Tier One: Immediate relative intercountry adoption visas, age-out cases (cases where the applicant will soon no longer qualify due to their age), certain Special Immigrant Visas (SQ and SI for Afghan and Iraqi nationals working with the U.S. government), and emergency cases as determined on a case-by-case basis.
Tier Two: Immediate relative visas; fiancé(e) visas; and returning resident visas
Tier Three: Family preference immigrant visas and SE Special Immigrant Visas for certain employees of the U.S. government abroad
Tier Four: All other immigrant visas, including employment preference and diversity visas
Many embassies and consulates continue to have a significant backlog of all categories of immigrant visas. This prioritization plan instructs posts to maximize their limited resources to accommodate as many immediate relative and fiancé(e) cases as possible with a goal of, at a minimum, preventing the backlog from growing in these categories and hopefully reducing it. However, the prioritization plan also instructs posts to schedule and adjudicate some cases in Tier Three and Tier Four each month. The Department recognizes that visa applicants, particularly those in Tiers Three and Four, will face continued delays. We further acknowledge that certain programs, including the diversity visa program, operate on a fiscal year basis as required by law. The Department values the diversity visa program and is making every effort to process as many diversity visa cases as possible, consistent with other priorities, despite the severe operational constraints and backlog resulting from the COVID pandemic. However, as a result of COVID the number of visas issued in lower-priority preference categories or in such programs as the diversity visa program likely will not approach the statutory ceiling in Fiscal Year 2021.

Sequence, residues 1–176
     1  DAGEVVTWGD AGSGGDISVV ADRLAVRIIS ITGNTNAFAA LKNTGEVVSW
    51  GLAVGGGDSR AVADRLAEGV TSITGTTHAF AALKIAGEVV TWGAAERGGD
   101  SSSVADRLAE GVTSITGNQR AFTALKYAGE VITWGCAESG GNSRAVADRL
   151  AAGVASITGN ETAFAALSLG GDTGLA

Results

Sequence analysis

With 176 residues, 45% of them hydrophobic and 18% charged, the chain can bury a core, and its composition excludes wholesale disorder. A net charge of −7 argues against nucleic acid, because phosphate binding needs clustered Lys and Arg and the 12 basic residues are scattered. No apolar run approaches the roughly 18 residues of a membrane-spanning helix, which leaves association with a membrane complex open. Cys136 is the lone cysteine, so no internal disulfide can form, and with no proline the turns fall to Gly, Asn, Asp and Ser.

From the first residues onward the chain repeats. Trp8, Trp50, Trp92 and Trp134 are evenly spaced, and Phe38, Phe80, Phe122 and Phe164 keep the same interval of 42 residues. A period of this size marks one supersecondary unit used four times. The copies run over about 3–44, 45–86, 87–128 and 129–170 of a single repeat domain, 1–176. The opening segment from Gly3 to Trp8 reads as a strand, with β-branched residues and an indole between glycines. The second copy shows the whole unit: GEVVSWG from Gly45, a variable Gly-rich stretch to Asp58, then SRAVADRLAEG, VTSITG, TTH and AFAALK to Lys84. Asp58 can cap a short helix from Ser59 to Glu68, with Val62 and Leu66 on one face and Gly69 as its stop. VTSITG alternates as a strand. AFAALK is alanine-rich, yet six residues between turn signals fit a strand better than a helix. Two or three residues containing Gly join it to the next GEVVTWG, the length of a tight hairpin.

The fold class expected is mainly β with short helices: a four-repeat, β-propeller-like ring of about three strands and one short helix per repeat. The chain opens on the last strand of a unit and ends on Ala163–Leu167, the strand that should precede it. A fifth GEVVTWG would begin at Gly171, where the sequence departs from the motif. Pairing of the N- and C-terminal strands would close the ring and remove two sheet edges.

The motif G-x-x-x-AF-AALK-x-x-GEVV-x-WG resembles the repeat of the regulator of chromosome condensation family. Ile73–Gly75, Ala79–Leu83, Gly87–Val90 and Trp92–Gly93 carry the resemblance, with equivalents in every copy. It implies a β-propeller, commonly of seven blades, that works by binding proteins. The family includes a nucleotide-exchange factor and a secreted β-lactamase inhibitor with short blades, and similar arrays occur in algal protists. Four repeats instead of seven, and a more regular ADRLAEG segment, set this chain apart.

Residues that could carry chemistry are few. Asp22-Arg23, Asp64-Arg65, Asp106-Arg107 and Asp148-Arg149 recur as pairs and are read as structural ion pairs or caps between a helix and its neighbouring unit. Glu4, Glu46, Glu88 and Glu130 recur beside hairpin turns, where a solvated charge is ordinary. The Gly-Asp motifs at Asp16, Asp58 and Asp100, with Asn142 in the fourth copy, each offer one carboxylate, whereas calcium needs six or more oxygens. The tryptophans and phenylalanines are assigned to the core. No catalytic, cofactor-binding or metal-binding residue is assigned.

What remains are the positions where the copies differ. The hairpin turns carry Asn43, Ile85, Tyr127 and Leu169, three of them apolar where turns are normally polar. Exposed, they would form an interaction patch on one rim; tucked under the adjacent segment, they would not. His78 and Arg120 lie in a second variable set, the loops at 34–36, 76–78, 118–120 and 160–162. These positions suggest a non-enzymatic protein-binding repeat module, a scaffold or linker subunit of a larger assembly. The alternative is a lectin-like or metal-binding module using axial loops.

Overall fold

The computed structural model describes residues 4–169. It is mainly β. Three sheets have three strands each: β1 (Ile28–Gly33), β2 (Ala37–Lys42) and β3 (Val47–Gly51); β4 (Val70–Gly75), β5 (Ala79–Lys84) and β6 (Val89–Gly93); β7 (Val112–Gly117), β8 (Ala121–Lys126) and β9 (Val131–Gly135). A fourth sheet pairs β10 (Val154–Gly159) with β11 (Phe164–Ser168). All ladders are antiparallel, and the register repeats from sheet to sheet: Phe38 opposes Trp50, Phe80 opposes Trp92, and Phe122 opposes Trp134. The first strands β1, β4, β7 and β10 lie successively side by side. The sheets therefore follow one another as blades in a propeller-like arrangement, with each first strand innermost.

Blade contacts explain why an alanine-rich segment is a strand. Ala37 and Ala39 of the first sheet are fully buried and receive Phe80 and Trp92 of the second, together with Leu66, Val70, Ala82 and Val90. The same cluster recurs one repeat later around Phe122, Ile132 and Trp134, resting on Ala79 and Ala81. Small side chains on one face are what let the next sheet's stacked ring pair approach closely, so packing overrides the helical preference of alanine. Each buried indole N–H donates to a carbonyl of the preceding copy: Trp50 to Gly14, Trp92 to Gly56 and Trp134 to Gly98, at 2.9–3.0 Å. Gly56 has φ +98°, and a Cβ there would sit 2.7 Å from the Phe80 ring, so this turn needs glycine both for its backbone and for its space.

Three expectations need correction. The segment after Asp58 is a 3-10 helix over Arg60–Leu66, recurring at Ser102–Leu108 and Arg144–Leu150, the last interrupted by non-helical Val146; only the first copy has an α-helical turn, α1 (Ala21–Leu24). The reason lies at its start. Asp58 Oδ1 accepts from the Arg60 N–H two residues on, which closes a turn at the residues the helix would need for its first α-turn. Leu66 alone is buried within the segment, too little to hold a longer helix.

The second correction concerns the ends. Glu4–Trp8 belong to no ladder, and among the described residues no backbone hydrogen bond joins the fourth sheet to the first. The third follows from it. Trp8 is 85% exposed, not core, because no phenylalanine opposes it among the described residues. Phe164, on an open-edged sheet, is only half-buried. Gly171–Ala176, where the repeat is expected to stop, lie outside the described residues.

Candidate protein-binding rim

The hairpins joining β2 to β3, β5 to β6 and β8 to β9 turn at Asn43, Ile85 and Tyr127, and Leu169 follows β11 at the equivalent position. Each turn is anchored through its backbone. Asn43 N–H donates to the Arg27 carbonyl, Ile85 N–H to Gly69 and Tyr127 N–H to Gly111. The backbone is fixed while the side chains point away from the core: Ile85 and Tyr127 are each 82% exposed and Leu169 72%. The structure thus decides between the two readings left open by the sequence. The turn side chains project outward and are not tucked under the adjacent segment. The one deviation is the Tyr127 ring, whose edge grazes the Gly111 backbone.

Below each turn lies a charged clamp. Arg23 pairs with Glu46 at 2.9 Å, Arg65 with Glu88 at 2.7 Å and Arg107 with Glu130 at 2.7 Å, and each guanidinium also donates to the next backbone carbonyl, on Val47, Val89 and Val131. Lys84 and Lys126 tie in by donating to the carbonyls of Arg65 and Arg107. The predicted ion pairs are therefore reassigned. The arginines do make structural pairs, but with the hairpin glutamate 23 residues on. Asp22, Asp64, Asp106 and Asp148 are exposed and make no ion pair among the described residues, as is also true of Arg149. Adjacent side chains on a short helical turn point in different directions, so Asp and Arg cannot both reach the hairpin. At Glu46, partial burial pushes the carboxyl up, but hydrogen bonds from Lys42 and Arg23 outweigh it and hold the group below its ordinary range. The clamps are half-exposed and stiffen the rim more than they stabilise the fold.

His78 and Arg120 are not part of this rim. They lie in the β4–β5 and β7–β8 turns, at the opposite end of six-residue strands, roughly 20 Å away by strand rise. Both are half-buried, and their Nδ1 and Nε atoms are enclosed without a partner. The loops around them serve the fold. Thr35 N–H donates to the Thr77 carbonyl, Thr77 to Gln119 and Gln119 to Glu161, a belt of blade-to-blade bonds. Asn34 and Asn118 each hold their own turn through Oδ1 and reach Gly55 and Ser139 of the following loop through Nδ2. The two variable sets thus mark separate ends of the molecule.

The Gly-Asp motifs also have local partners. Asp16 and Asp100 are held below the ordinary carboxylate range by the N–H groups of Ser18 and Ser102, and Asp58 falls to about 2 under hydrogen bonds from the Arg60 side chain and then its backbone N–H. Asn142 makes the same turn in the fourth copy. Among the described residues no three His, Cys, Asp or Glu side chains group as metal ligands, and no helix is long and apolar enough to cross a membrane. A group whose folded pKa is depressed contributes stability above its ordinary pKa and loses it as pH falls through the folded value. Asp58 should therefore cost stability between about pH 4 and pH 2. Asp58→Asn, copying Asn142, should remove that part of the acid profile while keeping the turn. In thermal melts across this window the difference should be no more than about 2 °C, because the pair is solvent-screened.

The Department recently clarified guidance on emergency cases. Recognizing the emergence of the COVID Delta variant and the continued demand for healthcare professionals during the pandemic, U.S. embassies and consulates were instructed that they may prioritize as emergencies on a case-by-case basis the immigrant visa cases of certain healthcare professionals who will work at a facility engaged in pandemic response. Healthcare professionals who will work at a facility engaged in pandemic response and have an approved U.S. immigrant visa petition with a current priority date for an Immediate Relative, Family Preference, or Employment-Based Preference case may review the website of their nearest U.S. embassy or consulate for procedures to request an emergency visa appointment. If the case is being processed at the National Visa Center (NVC), the applicant may request expedited processing by emailing NVCExpedite@state.gov, including the case or receipt number on the subject line, along with at least one of the following: (1) petitioner’s name and date of birth, (2) beneficiary’s name and date of birth, and/or (3) invoice ID number. Applicants should be prepared to show that they will be employed in the healthcare industry at a U.S. facility engaged in pandemic response. Resource constraints and local government restrictions may limit the ability of some U.S. embassies and consulates to process emergency visas at this time.